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This is pretty standard stuff here, and I cannot understand why it isn't working. When the enable function is called, I receive my alert but the select fields are still disabled. Any thoughts?

$(window.document).ready(function() {
    $('#selectmenu1').attr('disabled','true');
    $('#selectmenu2').attr('disabled','true');
    $('#selectmenu3').attr('disabled','true');
});

function enableCoreChange(){
    alert('called');
    $('#selectmenu1').attr('disabled','false');
    $('#selectmenu2').attr('disabled','false');
    $('#selectmenu3').attr('disabled','false');
}

The click event:

<a href="#" onclick="enableCoreChange();">Click here to enable</a>

It's driving me crazy!

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5 Answers

up vote 1 down vote accepted

Pass a boolean, not a string, as the second parameter of .attr().

$(function() { // use document ready shorthand
    // combine the selectors to stay DRY
    $('#selectmenu1, #selectmenu2, #selectmenu3').attr('disabled', true);
});

function enableCoreChange() {
    $('#selectmenu1, #selectmenu2, #selectmenu3').attr('disabled', false);
    // alternately:
    $('#selectmenu1, #selectmenu2, #selectmenu3').removeAttr('disabled');
}

Note the other general style improvements as well.

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@MДΓΓ БДLL Thank you! I'm embarrassed I missed that. Also, thanks for the example on the style improvement. –  gbroke Apr 6 '12 at 22:51
    
@downvoter: any comments? –  Matt Ball Apr 7 '12 at 14:45
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HTML:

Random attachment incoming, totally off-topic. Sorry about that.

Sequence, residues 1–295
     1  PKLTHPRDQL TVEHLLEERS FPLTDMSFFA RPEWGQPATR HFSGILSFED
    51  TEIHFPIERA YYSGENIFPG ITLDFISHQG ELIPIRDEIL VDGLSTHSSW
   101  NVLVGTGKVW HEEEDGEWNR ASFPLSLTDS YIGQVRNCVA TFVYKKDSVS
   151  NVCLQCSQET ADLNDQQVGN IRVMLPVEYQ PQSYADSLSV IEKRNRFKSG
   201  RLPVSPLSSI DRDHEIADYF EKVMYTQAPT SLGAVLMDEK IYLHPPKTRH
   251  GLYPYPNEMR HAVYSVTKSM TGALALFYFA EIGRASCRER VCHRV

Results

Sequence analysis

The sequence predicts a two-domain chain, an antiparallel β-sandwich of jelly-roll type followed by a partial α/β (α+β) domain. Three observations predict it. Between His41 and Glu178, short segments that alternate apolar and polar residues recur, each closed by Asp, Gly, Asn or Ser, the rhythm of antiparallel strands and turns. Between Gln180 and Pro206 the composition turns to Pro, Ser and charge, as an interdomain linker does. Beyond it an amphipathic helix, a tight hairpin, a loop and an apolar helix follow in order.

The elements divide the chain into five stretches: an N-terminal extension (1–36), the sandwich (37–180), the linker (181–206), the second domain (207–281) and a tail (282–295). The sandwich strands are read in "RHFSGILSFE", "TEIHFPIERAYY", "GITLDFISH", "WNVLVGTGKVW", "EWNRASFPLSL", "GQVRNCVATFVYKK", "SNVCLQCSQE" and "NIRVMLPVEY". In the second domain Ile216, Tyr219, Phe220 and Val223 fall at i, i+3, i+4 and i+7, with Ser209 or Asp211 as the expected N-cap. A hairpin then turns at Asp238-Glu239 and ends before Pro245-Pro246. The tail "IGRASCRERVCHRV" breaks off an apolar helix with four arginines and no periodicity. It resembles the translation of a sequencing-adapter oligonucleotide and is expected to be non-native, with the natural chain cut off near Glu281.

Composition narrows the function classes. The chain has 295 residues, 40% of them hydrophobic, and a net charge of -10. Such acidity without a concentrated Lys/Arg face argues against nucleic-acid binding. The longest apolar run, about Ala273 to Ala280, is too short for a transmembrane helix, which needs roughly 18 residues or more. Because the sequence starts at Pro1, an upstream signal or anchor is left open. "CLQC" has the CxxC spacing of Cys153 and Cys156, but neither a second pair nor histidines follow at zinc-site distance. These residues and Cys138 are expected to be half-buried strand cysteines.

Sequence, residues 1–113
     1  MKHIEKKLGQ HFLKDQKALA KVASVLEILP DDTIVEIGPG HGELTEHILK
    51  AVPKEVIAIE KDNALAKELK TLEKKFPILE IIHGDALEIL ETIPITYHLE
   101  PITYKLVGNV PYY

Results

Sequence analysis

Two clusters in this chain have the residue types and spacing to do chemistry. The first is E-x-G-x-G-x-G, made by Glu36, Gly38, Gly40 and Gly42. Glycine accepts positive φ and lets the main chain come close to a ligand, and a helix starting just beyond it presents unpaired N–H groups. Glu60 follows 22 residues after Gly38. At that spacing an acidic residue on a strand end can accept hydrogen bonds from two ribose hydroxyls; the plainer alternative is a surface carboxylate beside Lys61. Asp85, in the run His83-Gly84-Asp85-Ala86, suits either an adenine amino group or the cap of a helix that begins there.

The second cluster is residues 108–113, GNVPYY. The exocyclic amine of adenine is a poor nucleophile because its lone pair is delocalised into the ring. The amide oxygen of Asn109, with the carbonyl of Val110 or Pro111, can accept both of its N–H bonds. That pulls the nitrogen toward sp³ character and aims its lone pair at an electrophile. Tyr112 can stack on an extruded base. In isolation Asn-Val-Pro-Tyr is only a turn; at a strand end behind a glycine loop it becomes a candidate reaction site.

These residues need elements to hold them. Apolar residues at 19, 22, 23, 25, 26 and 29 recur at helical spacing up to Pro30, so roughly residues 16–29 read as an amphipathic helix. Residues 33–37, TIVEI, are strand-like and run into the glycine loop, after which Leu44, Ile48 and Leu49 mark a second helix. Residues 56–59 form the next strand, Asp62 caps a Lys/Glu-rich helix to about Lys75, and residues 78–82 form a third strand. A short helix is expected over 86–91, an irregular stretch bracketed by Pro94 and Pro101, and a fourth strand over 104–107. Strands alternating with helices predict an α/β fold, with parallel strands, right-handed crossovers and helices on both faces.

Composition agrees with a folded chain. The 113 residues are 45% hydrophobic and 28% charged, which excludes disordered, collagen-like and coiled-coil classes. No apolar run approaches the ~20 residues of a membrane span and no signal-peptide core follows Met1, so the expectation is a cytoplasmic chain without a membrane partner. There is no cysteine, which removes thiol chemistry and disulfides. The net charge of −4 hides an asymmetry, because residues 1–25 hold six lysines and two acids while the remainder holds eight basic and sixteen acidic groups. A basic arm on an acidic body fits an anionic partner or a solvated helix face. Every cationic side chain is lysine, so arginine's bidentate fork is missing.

<a href="#" id="enable">Click here to enable</a>

jQuery:

function enableCoreChange(){
    $('#selectmenu1, #selectmenu2, #selectmenu3').prop('disabled', false); 
}

$(document).ready(function(){

    $('#selectmenu1, #selectmenu2, #selectmenu3').prop('disabled', true); 

    $('#enable').on('click',function(e){
        e.preventDefault();
        enableCoreChange();
    });    

});

demo jsFiddle

Note:
Instead of $('#selectmenu1, #selectmenu2, #selectmenu3'): starts with ^ selector:

$('select[id^="selectmenu"]').prop('disabled', false); 
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+1 I like your enormous jsBin link! –  giannis christofakis Oct 10 '13 at 13:37
1  
@yannis ...that actually was a jsFiddle ;) Please don't up-vote for design skills ;) haha –  Roko C. Buljan Oct 10 '13 at 14:09
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The attribute "disabled" does not need a value (backward compatibility) as soon as this attribute is available, it is disabled.

To activate it again use this function:

function enableCoreChange(){
    alert('called');
    $('#selectmenu1').removeAttr('disabled');
    $('#selectmenu2').removeAttr('disabled');
    $('#selectmenu3').removeAttr('disabled');
}
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+1 for removeAttr :) –  Vega Apr 6 '12 at 20:37
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You should be using .prop() instead of .attr()

http://api.jquery.com/prop/

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The problem here is you're specifying the string 'false' instead of the boolean false. Personally I'd use removeAttr for clarity

function enableCoreChange(){
    alert('called');
    $('#selectmenu1').removeAttr('disabled');
    $('#selectmenu2').removeAttr('disabled');
    $('#selectmenu3').removeAttr('disabled');
}

Fiddle: http://jsfiddle.net/6pznn/

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